Add to that the absolutely mind-boggling dominance of the Kostolany line (not only via Gribaldi) with a few exposed stallions at the forefront (Millennium and now his sons Helium and Freiherr von Stein) and one can only conclude that this cannot possibly be healthy. Speaking of Millennium ….. clearly a horse that has a fan club and a large base of breeders using him every year. Over 30 approved sons across all registries and the stallion is just 9 years old. There’s always talk of his own fragile nerves and his non-compliance when it comes to being a riding horse. A more than meager performance record is usually brought up immediately by his biggest critics, but to be fair, a stallion with that kind of “business” from January through August really cannot do very well in competition, if he wants to or not.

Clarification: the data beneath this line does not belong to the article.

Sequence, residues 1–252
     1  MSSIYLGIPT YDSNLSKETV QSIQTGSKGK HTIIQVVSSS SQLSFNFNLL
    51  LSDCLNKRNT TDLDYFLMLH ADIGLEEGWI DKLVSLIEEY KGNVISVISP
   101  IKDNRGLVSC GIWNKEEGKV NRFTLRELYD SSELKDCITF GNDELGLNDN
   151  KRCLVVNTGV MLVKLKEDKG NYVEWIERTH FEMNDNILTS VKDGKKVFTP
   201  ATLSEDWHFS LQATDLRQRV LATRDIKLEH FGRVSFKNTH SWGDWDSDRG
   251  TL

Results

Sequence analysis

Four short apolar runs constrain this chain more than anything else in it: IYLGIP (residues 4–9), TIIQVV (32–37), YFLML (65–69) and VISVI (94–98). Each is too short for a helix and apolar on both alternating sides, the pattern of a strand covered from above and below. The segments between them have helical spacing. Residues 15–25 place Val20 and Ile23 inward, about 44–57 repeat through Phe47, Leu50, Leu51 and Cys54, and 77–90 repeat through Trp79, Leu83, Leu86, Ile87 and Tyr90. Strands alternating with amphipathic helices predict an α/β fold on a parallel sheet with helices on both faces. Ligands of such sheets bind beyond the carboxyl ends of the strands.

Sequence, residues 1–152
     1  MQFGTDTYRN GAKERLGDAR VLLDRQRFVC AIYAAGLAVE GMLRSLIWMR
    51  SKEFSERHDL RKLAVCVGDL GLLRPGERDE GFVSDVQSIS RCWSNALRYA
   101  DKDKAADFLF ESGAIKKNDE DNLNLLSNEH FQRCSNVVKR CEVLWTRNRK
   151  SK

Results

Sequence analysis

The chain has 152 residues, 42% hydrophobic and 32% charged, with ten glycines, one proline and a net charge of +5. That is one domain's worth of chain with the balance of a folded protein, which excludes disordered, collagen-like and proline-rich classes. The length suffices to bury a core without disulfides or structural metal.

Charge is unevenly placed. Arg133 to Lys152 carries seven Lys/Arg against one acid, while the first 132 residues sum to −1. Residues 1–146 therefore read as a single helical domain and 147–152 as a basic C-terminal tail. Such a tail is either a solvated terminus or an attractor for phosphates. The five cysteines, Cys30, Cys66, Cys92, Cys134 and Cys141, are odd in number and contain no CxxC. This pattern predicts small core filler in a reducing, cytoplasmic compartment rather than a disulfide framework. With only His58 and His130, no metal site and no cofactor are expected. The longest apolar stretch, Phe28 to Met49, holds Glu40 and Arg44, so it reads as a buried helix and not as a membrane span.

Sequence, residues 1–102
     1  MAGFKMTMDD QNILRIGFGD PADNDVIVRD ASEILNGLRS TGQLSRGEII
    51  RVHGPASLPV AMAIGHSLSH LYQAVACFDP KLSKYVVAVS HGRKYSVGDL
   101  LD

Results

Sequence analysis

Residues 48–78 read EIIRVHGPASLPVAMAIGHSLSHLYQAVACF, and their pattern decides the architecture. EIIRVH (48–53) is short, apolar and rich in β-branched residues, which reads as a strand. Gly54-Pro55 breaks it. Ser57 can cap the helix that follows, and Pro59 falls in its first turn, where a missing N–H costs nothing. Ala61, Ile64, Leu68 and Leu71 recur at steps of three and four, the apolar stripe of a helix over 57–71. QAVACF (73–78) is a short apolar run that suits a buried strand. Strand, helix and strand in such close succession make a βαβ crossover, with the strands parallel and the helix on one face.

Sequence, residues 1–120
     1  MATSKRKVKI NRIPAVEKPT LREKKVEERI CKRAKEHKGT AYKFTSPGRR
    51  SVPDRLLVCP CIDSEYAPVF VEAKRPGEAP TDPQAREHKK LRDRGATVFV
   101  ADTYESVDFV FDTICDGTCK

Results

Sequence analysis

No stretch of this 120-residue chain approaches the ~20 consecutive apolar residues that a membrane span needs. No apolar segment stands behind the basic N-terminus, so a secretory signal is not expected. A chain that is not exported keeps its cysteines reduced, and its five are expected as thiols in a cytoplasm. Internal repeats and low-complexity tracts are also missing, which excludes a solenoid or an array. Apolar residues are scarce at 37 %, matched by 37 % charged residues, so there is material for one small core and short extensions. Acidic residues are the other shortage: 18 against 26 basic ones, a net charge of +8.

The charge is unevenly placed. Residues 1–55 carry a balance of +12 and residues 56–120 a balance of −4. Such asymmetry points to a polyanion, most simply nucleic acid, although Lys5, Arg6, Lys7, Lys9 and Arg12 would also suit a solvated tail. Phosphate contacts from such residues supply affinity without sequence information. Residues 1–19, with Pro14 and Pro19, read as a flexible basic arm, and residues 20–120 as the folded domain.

I saw Millennium privately Friday evening when he was in the big indoor with several sons and the horses had a chance to see the hall before the frantic Gala Saturday night. He was well-behaved, focused on his rider, and did what any other horse in there did that night – a good job. And I really am not a fan of this particular stallion. But just as much as it is wrong to think he’s the best thing on 4 legs that ever walked the earth (not only in the Trakehner breed!), it is just as wrong to so quickly dismiss him completely. As with any other stallion, he is certainly a good match for certain mares and breeding goals. It becomes problematic when there is almost no other choice anymore. In a way, he has become the Sandro Hit of Trakehnerdom, all the way down to the issues in walk, the somewhat electric personality and all the critique that came with it. Other than Sandro Hit though, he is infused into an already very narrow breed by the truck load.